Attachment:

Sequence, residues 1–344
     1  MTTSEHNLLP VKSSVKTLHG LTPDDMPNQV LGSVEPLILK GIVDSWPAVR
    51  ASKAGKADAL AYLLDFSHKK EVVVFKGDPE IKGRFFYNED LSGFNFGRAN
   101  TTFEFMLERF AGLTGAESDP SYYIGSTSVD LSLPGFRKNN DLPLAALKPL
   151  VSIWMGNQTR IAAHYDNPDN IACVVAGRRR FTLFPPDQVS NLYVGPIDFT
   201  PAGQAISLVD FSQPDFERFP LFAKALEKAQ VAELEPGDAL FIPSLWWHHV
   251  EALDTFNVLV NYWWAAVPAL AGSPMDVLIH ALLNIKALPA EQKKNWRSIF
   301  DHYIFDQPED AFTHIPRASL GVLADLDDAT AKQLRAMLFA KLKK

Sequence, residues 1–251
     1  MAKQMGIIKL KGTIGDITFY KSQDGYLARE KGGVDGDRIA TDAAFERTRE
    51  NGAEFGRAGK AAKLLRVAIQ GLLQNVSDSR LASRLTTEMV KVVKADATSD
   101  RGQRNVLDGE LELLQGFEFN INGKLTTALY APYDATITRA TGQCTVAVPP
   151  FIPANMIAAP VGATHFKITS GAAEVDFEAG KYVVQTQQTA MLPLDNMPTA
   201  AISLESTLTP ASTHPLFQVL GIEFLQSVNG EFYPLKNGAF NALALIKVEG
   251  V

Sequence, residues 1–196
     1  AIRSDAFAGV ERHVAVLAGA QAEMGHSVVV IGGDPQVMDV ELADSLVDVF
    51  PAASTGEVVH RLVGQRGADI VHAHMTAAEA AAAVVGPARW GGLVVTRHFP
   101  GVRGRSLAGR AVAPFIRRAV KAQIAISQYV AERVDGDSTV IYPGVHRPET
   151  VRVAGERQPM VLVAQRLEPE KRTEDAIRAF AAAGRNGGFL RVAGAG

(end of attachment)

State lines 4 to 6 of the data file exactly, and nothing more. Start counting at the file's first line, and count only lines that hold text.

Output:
   101  TTFEFMLERF AGLTGAESDP SYYIGSTSVD LSLPGFRKNN DLPLAALKPL
   151  VSIWMGNQTR IAAHYDNPDN IACVVAGRRR FTLFPPDQVS NLYVGPIDFT
   201  PAGQAISLVD FSQPDFERFP LFAKALEKAQ VAELEPGDAL FIPSLWWHHV